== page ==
Neuroscientists propose that EMDR mimics the process that occurs during REM sleep (when we are dreaming).
During EMDR, the therapist uses bilateral stimulation to move your eyes from side to side while getting you to focus on a part of the traumatic memory or emotion: Much like when your eyes move from side to side when you dream.
This suggests that during EMDR therapy the traumatic memories are continuously reactivated, replayed and encoded into the adaptive memory networks of the prefrontal cortex. In other words, it helps traumatic memories become “unstuck” and processed like normal, non traumatic memories. Once this occurs, the traumatic event loses the intense, emotional reactions that characterize post-traumatic stress or trauma and you are able to choose your actions rather than feeling powerless over your reactions.
What kinds of conditions can benefit from EMDR therapy?
While EMDR has become a world leading evidence based treatment for trauma, ongoing studies are demonstrating its effectiveness as a treatment for many mental health problems where physical symptoms may be resulting from unprocessed memories of traumatic events.
One area of growth is the treatment of anxiety and anxiety related issues such as panic attacks and phobias. While many anxiety treatments help you deal with the symptoms of anxiety, EMDR therapy can help you address the root cause of your anxiety or fear.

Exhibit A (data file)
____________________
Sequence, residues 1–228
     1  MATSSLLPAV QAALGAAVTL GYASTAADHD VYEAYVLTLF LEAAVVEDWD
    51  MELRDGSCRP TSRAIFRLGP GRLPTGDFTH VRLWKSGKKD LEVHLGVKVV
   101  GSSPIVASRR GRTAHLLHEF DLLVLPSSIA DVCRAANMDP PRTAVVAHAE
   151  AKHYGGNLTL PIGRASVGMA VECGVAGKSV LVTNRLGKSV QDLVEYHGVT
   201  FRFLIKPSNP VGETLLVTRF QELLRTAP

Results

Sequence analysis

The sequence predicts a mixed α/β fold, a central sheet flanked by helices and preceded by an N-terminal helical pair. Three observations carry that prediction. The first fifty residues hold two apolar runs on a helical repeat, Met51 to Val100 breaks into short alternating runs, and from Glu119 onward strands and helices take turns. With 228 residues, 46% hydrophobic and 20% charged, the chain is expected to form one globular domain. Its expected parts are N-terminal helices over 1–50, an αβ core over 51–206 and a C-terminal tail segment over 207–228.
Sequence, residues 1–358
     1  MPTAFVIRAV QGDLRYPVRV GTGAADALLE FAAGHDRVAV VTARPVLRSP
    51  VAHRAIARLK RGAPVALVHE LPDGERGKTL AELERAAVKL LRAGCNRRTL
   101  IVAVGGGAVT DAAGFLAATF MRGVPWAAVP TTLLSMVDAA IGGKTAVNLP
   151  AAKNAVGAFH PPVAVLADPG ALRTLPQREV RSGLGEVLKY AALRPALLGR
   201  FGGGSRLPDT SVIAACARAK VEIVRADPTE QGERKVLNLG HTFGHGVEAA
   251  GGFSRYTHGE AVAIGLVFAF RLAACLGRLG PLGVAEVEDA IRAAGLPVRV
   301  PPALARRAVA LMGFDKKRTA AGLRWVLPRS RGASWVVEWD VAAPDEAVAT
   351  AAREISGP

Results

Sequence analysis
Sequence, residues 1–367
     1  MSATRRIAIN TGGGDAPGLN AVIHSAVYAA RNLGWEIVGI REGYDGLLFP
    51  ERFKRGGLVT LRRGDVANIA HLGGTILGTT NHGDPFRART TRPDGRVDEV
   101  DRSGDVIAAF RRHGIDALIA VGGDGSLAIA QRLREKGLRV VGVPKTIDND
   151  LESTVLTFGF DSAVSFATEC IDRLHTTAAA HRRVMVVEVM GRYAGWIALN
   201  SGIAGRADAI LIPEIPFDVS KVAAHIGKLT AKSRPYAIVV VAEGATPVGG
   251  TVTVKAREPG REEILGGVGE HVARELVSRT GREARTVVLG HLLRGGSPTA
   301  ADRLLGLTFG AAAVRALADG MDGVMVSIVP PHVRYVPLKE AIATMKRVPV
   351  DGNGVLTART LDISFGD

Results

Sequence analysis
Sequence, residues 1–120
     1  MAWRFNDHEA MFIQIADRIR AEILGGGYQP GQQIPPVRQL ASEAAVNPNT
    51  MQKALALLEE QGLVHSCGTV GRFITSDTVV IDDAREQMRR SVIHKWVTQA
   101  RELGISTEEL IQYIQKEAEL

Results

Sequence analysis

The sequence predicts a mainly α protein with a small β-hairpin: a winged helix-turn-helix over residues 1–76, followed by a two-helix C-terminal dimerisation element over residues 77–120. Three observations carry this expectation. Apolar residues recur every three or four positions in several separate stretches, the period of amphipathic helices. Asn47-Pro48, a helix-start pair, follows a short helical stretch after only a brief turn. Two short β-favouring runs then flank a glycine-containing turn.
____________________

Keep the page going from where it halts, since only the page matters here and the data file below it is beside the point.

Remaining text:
When utilized as an add-on treatment, there is also proof that EMDR therapy can help with comorbid symptoms and chronic pain, including depression, mood swings and addiction.
Some of the important areas that EMDR therapy has been demonstrated to be helpful include:
- Childhood trauma or complex trauma (multiple, often related traumatic experiences)
- Trauma or PTSD
- Chronic Pain
- Unresolved grief
- Social Anxiety
- Addiction including eating disorders where changing the narrative/inner dialogue you have about your self, actions and choices is a fundamental feature underlying the disorder.
- Phobias or fears
Who is EMDR most recommended for? Is EMDR suitable for everyone?
EMDR was created for use as a trauma therapy and as such focuses on intensely stressful subjects. Your ability to notice and attune to your thoughts and feelings is an important part of the therapy. Stabilisation and the development of resources including emotional regulation skills are an essential early phase of EMDR treatment.
Your commitment to developing the skills and resources you need to do the work, will be necessary to support the EMDR treatment protocol.
Other considerations include:
- If you are abusing alcohol or drugs to feel numb or create an altered state, are neurologically impaired, suicidal, experiencing psychosis or have a severe dissociative disorder, further assessment will be required and additional stabilization processes engaged prior to commencing EMDR treatment.
- It is possible that EMDR may impair testimony in legal cases due to changes in the way the memory is more adaptively processed following successful EMDR treatment.
How does EMDR therapy compare with Prolonged Exposure ( PE ) therapy and Cognitive Processing Therapy ( CPT )? And what is its place in therapy?